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In 1874, Rivers Frederick, a Black physician, was born on this date. From New Roads, Pointe Coupee’ Parish, LA, he was born into their creole community.
Frederick graduated from the University of New Orleans and earned his M.D. from the University of Illinois in 1897. He spent the next two years as a surgical clinician in Chicago, returning to New Orleans to begin a private practice. Responding to the lack of real opportunities for Black doctors in the United States, Frederick moved to Honduras in 1901.
He served as the chief surgeon of the government hospital at El Rio Tan until 1904. It has been said that his departure resulted from his involvement in a failed revolutionary attempt to overthrow the Honduran government. Back in New Orleans, Frederick became the chief surgeon at the Flint Medical College until 1907, moving to a similar position at that city’s Sarah Goodridge Hospital. He also worked as a surgeon for Southern Pacific Railroad from 1913 to 1932, and when Flint and Goodridge merged, he taught postgraduate courses at the new Flint-Goodridge Hospital.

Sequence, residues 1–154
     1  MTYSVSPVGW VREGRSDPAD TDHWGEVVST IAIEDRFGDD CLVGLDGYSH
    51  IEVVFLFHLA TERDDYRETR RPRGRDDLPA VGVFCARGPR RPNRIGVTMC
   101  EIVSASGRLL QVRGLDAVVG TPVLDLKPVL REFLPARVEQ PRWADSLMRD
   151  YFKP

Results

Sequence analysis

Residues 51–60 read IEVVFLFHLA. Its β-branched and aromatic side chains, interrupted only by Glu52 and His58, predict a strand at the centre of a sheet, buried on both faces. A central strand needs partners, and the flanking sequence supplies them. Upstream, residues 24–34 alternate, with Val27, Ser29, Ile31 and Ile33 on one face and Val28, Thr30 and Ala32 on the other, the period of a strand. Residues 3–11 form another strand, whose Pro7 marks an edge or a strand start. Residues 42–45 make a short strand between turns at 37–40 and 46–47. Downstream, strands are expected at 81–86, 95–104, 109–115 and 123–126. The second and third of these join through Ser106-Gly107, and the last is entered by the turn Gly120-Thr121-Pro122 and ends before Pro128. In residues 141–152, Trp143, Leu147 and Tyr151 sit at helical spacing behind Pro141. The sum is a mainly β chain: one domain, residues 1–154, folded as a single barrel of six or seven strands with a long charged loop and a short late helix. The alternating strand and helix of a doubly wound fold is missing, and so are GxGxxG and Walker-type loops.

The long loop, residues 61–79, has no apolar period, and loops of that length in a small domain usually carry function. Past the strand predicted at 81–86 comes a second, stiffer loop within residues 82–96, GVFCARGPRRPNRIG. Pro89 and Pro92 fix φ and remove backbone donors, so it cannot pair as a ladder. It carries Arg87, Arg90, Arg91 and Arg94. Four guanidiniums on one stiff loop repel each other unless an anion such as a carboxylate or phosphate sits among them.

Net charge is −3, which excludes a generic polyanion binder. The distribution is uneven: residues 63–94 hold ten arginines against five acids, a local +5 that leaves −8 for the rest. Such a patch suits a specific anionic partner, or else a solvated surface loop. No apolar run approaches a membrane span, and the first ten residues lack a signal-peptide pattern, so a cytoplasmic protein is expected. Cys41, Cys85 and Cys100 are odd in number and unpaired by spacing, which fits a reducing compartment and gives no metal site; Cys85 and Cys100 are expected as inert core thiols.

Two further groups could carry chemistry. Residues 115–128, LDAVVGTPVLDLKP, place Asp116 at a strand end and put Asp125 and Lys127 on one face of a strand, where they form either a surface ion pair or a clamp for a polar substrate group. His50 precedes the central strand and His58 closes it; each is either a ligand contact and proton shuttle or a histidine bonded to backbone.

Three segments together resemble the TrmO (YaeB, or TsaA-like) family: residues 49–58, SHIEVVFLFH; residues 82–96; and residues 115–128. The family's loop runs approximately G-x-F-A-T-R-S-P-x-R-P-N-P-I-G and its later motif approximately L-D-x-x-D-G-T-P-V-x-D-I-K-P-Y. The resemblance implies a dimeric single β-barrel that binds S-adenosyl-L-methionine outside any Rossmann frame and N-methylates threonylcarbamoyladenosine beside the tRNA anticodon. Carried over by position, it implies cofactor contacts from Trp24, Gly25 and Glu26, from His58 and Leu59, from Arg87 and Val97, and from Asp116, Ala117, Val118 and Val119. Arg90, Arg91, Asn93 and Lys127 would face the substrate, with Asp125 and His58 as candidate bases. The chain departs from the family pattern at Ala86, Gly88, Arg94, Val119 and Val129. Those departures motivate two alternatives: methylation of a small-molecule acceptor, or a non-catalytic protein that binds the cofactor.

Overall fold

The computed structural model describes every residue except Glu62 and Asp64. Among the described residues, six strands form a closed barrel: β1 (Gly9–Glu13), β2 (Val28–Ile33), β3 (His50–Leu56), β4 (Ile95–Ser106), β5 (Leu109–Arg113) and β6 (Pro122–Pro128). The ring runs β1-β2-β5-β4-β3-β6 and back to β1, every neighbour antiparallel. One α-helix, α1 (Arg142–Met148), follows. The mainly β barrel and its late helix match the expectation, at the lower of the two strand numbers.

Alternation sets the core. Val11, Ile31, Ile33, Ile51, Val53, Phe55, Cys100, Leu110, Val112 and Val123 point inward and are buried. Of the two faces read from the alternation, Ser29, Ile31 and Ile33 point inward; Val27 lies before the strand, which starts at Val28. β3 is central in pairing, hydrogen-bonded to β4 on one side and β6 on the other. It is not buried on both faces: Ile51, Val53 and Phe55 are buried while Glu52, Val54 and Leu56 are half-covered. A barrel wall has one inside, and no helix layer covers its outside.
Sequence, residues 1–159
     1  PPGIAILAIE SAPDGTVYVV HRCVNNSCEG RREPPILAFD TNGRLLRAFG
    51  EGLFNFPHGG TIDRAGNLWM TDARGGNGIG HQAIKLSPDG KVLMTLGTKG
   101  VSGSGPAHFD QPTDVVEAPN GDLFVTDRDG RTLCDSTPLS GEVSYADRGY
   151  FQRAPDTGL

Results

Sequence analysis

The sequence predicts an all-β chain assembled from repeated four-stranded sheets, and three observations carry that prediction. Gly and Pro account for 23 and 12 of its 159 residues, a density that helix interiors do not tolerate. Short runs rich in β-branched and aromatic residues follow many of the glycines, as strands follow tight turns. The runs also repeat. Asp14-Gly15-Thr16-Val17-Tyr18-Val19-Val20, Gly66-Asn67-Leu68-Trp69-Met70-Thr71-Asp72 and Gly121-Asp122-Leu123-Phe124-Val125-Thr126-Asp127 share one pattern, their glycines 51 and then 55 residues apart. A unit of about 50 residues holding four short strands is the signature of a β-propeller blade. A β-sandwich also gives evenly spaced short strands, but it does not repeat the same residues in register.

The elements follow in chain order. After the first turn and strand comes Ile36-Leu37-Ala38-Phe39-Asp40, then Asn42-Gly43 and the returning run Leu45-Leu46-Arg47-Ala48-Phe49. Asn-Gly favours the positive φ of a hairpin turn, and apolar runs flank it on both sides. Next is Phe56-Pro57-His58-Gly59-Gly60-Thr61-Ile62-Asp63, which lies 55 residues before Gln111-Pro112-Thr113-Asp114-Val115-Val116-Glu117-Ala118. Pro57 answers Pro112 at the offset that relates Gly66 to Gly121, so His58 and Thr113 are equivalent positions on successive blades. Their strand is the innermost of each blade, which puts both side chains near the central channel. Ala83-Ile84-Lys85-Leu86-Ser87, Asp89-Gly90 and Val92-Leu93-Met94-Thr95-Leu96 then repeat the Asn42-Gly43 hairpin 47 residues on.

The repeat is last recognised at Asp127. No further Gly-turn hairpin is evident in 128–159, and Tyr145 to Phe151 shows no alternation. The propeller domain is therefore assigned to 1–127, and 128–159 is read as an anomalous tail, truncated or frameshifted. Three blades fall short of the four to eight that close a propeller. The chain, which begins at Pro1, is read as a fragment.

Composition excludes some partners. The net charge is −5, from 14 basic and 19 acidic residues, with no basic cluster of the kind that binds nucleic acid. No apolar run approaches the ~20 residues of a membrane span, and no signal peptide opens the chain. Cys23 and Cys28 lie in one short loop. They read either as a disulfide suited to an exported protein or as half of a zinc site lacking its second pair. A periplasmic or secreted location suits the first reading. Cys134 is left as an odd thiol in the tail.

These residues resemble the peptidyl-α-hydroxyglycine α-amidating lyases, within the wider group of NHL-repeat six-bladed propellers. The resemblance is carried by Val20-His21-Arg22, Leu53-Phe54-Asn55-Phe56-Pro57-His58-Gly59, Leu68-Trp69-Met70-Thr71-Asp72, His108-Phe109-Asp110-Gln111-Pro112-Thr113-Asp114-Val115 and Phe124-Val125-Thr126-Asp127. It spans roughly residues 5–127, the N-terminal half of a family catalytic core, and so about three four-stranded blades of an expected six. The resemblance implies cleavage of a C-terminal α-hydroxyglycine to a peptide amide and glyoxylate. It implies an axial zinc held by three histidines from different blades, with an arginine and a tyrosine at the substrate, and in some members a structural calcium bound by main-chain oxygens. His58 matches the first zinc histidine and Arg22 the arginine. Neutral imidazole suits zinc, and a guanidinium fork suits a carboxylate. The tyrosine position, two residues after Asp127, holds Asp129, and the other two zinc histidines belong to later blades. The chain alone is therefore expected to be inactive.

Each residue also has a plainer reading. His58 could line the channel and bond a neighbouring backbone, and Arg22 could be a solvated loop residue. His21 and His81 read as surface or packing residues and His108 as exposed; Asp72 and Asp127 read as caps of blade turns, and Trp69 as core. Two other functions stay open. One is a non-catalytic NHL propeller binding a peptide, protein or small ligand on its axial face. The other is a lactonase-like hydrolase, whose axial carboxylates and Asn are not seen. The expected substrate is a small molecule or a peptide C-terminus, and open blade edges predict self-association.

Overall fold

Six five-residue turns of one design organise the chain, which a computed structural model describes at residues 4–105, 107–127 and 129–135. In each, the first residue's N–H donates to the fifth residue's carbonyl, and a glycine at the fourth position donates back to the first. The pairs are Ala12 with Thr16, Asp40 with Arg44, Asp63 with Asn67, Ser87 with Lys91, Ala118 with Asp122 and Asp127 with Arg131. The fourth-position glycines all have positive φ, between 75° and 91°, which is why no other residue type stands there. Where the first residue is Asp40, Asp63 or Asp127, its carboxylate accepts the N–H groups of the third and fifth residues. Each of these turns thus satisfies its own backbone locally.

Frederick was a fellow of the International College of Surgeons, a member of the American Cancer Society, and the Tuberculosis Association. He served on the mayor’s Advisory Committee of Race Relations in New Orleans. As an active member of the NAACP, he worked against healthcare discrimination faced by African Americans. In 1951, Frederick received the Distinguished Service Medal from the National Medical Association and was made a member of the Society Tosca-Umbra di Italia at the International College of Surgeons annual assembly in Florence, Italy, the same year.
His published articles include "Acute Intestinal Obstruction" (1935); "Primitive Surgeon in Modern Medicine" (1946); and "The Treatment of Toxic Goiter" (1951," all in the Journal of the National Medical Association. Rivers Frederick died in September 1954.